proficient - some of them are brilliant.

Iraqi engineers had to rebuild Iraq after the first Gulf War in 1991
when the ‘Coalition of the Willing’ was composed of over 30 countries
actively participating in bombing Baghdad beyond recognition. They
to cope with rebuilding bridges and buildings that were originally
built by foreign companies, they had to get around a lack of raw
materials that we used to import from abroad, they had to work around
a vicious blockade designed to damage whatever infrastructure was
after the war – they truly had to rebuild Iraq. And everything had to
be made sturdy, because, well, we were always under the threat of

Over a hundred of the 133 bridges were rebuilt, hundreds of buildings
and factories were replaced, communications towers were rebuilt, new
bridges were added, electrical power grids were replaced… things were
functioning. Everything wasn’t perfect – but we were working on it.

And Iraqis aren’t easy to please. Buildings cannot just be made
functionary. They have to have artistic touches - a carved pillar, an
intricately designed dome, something unique… not necessarily classy
subtle, but different. You can see it all over Baghdad – fashionable
homes with plate glass windows, next to classic old ‘Baghdadi’
buildings, gaudy restaurants standing next to classy little cafes,
mosques with domes so colorful and detailed they look like glamorous
Faberge eggs – all done by Iraqis.

My favorite reconstruction project was the Mu’alaq Bridge over the
Tigris. It is a suspended bridge that was designed and built by a
British company. In 1991 it was bombed and everyone just about gave
on ever being able to cross it again. By 1994, it was up again,
exactly as it was – without British companies, with Iraqi expertise.
One of the art schools decided that although it wasn’t the most
sophisticated bridge in the world, it was going to be the most
glamorous. On the day it was opened to the public, it was covered
hundreds of painted flowers in the most outrageous colors – all over
the pillars, the bridge itself, the walkways along the sides of the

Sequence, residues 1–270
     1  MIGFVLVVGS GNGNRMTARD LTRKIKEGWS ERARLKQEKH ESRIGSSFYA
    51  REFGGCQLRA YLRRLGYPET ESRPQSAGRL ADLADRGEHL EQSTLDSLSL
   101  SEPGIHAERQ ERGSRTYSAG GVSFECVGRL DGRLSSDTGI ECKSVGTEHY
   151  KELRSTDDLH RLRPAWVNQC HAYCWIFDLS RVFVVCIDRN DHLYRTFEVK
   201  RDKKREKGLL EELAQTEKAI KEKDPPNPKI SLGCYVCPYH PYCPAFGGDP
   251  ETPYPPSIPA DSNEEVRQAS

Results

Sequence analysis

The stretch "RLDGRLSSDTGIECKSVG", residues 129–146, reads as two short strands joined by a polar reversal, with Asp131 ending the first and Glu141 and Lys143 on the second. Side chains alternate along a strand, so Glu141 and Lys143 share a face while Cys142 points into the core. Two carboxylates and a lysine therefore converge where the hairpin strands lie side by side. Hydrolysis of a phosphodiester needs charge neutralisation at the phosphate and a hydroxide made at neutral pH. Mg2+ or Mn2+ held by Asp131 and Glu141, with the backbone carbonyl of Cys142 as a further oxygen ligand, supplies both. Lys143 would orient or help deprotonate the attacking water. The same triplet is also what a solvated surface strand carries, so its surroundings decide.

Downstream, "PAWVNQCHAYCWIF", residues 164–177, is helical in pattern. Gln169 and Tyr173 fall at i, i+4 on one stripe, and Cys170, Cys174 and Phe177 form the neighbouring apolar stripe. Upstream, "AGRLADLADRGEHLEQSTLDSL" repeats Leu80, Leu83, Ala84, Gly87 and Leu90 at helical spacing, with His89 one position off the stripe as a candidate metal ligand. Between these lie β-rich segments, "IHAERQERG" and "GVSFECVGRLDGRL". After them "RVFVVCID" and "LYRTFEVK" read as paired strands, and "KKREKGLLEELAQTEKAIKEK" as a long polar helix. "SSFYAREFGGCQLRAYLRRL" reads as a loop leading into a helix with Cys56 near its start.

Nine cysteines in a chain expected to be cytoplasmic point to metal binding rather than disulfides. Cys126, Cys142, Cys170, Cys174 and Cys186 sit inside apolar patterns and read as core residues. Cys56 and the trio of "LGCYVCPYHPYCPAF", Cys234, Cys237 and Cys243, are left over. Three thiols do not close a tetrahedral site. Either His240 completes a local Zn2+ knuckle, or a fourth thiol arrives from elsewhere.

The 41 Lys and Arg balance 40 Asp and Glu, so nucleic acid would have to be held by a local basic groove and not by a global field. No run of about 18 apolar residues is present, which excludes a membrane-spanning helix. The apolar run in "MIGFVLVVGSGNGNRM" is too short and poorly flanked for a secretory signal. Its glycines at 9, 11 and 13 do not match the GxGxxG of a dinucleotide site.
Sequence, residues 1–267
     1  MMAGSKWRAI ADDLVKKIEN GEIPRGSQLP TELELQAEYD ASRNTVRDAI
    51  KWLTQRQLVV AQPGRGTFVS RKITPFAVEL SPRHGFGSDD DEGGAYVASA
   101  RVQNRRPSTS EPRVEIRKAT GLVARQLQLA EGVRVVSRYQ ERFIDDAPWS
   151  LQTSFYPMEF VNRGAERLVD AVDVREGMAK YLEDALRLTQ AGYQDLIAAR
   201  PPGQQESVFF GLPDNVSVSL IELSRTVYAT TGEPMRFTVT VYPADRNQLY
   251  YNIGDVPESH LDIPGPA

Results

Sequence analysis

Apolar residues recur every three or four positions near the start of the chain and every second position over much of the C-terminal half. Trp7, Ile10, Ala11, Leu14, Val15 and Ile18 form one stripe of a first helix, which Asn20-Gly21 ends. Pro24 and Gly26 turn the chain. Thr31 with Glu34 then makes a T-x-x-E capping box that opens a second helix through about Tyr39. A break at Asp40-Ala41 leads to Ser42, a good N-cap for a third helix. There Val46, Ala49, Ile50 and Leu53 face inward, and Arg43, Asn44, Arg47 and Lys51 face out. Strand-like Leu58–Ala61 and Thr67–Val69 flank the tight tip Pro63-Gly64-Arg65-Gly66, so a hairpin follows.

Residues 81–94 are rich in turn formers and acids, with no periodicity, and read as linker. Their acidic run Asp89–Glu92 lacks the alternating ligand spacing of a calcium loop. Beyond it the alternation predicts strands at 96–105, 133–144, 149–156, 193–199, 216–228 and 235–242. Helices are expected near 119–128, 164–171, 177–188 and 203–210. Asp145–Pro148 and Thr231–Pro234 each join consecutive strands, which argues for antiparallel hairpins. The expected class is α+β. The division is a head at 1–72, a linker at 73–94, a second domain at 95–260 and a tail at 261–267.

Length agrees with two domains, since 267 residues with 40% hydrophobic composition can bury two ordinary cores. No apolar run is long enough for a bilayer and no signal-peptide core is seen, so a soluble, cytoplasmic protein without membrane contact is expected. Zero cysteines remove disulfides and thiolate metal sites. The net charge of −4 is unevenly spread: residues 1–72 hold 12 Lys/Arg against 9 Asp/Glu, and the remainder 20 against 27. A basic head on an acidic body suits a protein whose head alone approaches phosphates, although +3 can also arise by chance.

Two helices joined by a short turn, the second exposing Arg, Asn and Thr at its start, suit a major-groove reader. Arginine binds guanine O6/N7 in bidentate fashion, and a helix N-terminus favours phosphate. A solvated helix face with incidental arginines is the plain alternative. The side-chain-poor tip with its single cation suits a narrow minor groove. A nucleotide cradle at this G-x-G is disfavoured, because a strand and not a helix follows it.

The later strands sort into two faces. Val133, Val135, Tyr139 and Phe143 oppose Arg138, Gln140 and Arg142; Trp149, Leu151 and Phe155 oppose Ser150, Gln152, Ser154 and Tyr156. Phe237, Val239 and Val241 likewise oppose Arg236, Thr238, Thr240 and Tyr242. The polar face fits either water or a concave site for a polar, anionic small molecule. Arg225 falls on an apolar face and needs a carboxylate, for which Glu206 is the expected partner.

bridge. People came from all over Baghdad just to stand upon it and
look down into the Tigris.

So instead of bringing in thousands of foreign companies that are
going to want billions of dollars, why aren’t the Iraqi engineers,
electricians and laborers being taken advantage of? Thousands of
people who have no work would love to be able to rebuild Iraq… no one
is being given a chance.

The reconstruction of Iraq is held above our heads like a promise and
a threat. People roll their eyes at reconstruction because they know
(Iraqis are wily) that these dubious reconstruction projects are
to plunge the country into a national debt only comparable to that of
America. A few already rich contractors are going to get richer,
workers are going to be given a pittance and the unemployed Iraqi
public can stand on the sidelines and look at the glamorous buildings
being built by foreign companies.

I always say this war is about oil. It is. But it is also about huge
corporations that are going to make billions off of reconstructing
what was damaged during this war. Can you say Halliburton? (Which, by
the way, got the very first contracts to replace the damaged oil
infrastructure and put out ‘oil fires’ way back in April.)

Well, of course it’s going to take uncountable billions to rebuild
Iraq, Mr. Bremer, if the contracts are all given to foreign
Or perhaps the numbers are this frightening because Ahmad Al-Chalabi
is the one doing the books – he is the math expert, after all.

Former exile and Pentagon favorite Ahmad Al-Chalabi was charged in
absentia for embezzling millions from a bank he operated in Jordan.
This entry of Girlblog was found at:

Mark Parkinson